Tag Archives: persistence

Hunting For Bunnies

A beautiful cat lives somewhere around here. She frequently visits our backyard. With stripes and spots and stealthy movements, she behaves just like a leopard or tiger in the jungle, and I call her “Beautiful.”

Beautiful always comes from the south side of our wooded yard. Crosses through the steep middle section, behind the rhododendron, under  the bows of the cedars, languidly trailing her long tail under the hanging blackberry vines as if enjoying the scratch of the thorns.

She’s looking for bunnies.

Bunnies do occasionally browse in and around our shrubs. I’ve seen them.

But not always.

But Beautiful comes in nearly every day with the full expectation of catching one.

I remarked to myself the other day that Beautiful is a reminder of the importance of persistence and of checking back already-searched areas.

Yesterday I received a sweetly-phrased rejection from an editor to one of my literary submissions.

Of course my first reaction was disappointment, followed by the usual, “I can’t believe they didn’t want this project; it’s so good.”

Then I felt the inevitable, “Maybe I should give up writing.”

After I calmed down, I remembered Beautiful.

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How she keeps coming back, again and again.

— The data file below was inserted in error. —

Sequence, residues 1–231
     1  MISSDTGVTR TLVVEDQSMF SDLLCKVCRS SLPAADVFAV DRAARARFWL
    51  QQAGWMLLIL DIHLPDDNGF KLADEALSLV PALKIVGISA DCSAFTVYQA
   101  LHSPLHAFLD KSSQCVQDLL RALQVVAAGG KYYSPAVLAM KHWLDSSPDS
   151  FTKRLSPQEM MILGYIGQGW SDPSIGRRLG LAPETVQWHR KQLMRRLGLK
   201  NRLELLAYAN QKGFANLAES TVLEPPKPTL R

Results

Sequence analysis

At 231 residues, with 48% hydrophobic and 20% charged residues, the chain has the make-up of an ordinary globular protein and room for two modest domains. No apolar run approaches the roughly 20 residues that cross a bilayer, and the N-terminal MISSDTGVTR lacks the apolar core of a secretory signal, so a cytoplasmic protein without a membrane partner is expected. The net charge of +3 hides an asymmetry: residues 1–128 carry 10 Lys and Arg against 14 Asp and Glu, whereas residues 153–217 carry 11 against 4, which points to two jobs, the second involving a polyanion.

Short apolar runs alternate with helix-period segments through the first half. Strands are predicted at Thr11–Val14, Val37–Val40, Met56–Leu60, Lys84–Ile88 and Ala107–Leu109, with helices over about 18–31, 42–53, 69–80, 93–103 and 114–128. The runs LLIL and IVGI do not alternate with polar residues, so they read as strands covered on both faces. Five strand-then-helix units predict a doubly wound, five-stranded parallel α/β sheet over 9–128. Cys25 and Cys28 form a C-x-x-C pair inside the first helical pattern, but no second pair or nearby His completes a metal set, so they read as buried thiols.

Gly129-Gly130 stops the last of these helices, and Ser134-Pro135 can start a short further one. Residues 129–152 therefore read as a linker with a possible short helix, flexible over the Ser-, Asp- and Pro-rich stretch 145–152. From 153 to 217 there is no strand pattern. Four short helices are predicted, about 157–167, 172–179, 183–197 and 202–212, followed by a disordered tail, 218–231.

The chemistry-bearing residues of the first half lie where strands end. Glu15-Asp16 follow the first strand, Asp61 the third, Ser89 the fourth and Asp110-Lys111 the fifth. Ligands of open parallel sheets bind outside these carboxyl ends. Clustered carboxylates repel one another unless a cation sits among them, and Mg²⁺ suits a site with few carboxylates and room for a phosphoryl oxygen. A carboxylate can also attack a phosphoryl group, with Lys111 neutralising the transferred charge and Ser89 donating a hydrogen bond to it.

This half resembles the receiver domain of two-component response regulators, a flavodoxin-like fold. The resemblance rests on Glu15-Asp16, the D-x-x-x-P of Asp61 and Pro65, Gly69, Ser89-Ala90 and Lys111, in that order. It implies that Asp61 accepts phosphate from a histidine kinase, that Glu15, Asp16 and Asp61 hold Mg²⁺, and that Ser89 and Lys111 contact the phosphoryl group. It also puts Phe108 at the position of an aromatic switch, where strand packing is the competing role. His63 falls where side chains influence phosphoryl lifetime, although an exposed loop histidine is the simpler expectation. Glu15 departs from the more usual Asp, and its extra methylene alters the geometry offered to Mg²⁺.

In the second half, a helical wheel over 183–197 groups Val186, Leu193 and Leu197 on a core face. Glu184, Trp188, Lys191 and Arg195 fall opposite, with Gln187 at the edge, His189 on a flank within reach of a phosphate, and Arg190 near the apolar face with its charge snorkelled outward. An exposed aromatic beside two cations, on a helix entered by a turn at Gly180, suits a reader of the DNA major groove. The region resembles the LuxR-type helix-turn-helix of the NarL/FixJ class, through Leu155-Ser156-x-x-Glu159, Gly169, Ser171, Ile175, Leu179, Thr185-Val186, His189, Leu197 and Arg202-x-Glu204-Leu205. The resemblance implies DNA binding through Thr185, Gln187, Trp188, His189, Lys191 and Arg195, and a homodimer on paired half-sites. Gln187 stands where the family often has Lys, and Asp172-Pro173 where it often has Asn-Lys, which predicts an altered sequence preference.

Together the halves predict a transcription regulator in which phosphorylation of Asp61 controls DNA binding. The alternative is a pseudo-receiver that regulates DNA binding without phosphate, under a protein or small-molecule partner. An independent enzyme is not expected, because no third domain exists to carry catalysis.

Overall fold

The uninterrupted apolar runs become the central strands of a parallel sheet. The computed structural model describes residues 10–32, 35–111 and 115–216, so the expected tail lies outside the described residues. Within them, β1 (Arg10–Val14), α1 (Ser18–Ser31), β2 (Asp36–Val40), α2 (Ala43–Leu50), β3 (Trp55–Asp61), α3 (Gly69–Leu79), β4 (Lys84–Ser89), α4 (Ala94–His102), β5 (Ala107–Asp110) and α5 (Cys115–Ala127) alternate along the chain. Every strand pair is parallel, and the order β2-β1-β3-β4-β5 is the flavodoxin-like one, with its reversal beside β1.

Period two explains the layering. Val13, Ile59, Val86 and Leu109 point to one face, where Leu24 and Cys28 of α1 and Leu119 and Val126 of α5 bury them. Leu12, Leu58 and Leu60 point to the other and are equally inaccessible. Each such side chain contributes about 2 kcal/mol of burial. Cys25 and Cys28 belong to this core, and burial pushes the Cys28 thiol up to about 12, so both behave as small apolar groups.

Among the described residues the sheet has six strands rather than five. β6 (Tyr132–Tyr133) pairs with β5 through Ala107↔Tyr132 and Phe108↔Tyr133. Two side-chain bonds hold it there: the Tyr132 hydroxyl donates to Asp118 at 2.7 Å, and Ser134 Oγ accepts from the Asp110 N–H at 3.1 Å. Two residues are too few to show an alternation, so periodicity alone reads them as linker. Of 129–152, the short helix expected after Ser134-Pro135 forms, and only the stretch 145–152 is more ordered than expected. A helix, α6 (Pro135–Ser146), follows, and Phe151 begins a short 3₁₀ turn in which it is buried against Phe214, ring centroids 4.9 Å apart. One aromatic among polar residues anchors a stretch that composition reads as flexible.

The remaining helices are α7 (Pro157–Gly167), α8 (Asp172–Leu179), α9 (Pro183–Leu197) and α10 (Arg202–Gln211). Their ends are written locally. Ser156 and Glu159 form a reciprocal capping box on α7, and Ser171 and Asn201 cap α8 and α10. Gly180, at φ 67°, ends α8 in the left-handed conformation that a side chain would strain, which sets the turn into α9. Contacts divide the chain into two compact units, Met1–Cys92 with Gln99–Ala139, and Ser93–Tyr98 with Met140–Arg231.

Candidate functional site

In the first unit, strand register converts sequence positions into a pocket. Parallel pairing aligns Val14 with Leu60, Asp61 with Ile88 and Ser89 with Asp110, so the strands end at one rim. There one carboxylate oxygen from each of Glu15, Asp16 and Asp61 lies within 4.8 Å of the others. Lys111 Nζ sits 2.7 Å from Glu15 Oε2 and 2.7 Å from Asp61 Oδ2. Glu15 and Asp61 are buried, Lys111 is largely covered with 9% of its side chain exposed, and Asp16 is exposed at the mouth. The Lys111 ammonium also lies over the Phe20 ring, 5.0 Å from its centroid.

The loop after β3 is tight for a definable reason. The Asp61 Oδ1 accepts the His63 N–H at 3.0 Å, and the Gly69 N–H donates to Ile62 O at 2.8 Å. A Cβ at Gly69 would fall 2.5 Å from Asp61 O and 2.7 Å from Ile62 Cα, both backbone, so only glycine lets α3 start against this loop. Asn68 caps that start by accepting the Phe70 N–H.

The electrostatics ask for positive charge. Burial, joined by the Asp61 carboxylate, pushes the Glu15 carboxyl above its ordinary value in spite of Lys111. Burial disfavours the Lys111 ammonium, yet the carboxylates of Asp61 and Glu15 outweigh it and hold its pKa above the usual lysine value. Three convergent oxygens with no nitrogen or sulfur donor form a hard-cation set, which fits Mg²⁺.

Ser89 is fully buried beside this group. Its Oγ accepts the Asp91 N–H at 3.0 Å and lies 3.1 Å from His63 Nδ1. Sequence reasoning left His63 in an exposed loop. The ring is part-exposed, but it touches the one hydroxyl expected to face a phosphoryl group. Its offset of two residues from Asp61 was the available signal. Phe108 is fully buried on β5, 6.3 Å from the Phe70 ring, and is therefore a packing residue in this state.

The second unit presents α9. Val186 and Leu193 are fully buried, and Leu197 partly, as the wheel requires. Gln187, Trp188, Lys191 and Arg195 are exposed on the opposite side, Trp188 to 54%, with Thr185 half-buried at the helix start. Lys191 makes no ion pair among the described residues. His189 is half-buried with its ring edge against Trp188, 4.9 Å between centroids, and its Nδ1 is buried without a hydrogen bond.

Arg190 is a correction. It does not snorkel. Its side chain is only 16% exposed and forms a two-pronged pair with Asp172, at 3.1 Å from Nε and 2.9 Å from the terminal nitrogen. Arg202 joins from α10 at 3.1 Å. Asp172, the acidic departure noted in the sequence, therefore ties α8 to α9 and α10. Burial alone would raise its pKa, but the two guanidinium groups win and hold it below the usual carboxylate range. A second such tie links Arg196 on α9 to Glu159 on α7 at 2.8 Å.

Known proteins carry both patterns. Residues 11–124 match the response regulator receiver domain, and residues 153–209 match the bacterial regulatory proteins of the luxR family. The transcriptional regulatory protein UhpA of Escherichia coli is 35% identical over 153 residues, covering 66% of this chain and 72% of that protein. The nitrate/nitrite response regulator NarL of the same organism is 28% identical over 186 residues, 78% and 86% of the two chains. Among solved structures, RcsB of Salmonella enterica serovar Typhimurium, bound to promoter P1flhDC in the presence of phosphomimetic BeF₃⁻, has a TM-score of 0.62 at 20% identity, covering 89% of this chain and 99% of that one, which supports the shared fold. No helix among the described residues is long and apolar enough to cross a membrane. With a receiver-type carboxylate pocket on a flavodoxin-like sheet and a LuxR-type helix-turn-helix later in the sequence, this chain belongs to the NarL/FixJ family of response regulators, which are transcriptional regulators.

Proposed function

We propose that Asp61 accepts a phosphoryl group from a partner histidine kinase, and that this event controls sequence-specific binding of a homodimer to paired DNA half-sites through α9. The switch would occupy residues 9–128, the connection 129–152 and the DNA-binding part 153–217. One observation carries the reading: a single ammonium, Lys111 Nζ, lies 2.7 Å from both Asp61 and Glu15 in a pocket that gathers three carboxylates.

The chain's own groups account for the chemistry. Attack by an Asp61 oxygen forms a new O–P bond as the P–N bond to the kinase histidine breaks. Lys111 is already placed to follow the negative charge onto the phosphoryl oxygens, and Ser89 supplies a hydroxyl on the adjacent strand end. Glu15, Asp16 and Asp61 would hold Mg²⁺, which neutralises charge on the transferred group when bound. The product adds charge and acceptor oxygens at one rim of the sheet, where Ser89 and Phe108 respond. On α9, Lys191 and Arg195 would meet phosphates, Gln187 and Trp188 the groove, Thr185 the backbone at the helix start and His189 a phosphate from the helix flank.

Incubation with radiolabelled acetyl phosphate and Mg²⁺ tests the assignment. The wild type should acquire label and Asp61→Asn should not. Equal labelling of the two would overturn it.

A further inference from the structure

Because today might be the day that she actually catches her bunny.

So I decide to keep trying, and I thank God for reminding me that survivors—like Beautiful—only survive because they don’t give up.

Maybe tomorrow I’ll catch my bunny in the bushes.

“Patience and tenacity of purpose are worth more than twice their weight of cleverness.” (T.H. Huxley)

Writers Are Woodpeckers!

A couple of years ago, our house was attacked. 

Not by  alien invasion.

Not by bad people.

Or even  by termites.

Nope.

The attacker was a woodpecker.

Have you seen what those critters can do to trees? Now imagine holes all over the outside walls of your house. Awful!

Each time the woodpecker did his thing on my house, I ran outside, and shouted, and waved my arms.

The bird flew off.

But not five minutes later, he returned and immediately started drilling again.

That darn bird wouldn’t give up. Over and over, he tried to hunt for bugs within the cedar walls of my house.

Woodpeckers are persistent.

We could learn some lessons from the woodpecker.

The bird’s persistence means that it will get eventually be rewarded by some bugalicious nourishment.

Writers too often give up before netting an agent, or a publishing contract, or whatever else they seek in the world of writers.

Let’s take a lesson from the woodpecker, who always gets his bug!